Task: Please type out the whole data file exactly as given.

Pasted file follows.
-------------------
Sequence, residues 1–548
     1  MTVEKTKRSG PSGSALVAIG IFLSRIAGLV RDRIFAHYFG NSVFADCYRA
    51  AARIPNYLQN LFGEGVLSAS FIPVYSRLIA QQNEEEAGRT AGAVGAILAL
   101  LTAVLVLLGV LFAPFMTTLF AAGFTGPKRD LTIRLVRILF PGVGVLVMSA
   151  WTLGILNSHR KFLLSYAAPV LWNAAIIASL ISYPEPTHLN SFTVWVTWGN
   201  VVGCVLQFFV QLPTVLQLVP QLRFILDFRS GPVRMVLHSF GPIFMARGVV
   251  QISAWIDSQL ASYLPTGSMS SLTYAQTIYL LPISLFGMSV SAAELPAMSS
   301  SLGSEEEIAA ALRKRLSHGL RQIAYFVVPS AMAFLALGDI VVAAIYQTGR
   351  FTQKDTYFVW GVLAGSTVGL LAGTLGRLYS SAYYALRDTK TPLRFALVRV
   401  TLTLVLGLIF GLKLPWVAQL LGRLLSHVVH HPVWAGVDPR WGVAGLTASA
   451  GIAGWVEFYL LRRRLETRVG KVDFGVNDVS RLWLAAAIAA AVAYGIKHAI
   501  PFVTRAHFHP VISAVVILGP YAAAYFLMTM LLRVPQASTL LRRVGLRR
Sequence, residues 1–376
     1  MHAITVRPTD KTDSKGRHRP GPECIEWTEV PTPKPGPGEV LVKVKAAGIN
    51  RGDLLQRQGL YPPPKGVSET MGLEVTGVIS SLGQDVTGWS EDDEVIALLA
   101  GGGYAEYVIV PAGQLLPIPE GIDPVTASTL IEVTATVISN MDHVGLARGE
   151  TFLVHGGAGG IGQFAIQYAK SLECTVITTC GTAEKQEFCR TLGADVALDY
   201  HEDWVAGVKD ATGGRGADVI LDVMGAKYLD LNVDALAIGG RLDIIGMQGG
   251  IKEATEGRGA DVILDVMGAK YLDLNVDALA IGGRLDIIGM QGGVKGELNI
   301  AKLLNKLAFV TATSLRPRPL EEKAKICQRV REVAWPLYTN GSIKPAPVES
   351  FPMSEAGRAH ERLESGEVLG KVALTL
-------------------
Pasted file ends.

Sequence, residues 1–548
     1  MTVEKTKRSG PSGSALVAIG IFLSRIAGLV RDRIFAHYFG NSVFADCYRA
    51  AARIPNYLQN LFGEGVLSAS FIPVYSRLIA QQNEEEAGRT AGAVGAILAL
   101  LTAVLVLLGV LFAPFMTTLF AAGFTGPKRD LTIRLVRILF PGVGVLVMSA
   151  WTLGILNSHR KFLLSYAAPV LWNAAIIASL ISYPEPTHLN SFTVWVTWGN
   201  VVGCVLQFFV QLPTVLQLVP QLRFILDFRS GPVRMVLHSF GPIFMARGVV
   251  QISAWIDSQL ASYLPTGSMS SLTYAQTIYL LPISLFGMSV SAAELPAMSS
   301  SLGSEEEIAA ALRKRLSHGL RQIAYFVVPS AMAFLALGDI VVAAIYQTGR
   351  FTQKDTYFVW GVLAGSTVGL LAGTLGRLYS SAYYALRDTK TPLRFALVRV
   401  TLTLVLGLIF GLKLPWVAQL LGRLLSHVVH HPVWAGVDPR WGVAGLTASA
   451  GIAGWVEFYL LRRRLETRVG KVDFGVNDVS RLWLAAAIAA AVAYGIKHAI
   501  PFVTRAHFHP VISAVVILGP YAAAYFLMTM LLRVPQASTL LRRVGLRR
Sequence, residues 1–376
     1  MHAITVRPTD KTDSKGRHRP GPECIEWTEV PTPKPGPGEV LVKVKAAGIN
    51  RGDLLQRQGL YPPPKGVSET MGLEVTGVIS SLGQDVTGWS EDDEVIALLA
   101  GGGYAEYVIV PAGQLLPIPE GIDPVTASTL IEVTATVISN MDHVGLARGE
   151  TFLVHGGAGG IGQFAIQYAK SLECTVITTC GTAEKQEFCR TLGADVALDY
   201  HEDWVAGVKD ATGGRGADVI LDVMGAKYLD LNVDALAIGG RLDIIGMQGG
   251  IKEATEGRGA DVILDVMGAK YLDLNVDALA IGGRLDIIGM QGGVKGELNI
   301  AKLLNKLAFV TATSLRPRPL EEKAKICQRV REVAWPLYTN GSIKPAPVES
   351  FPMSEAGRAH ERLESGEVLG KVALTL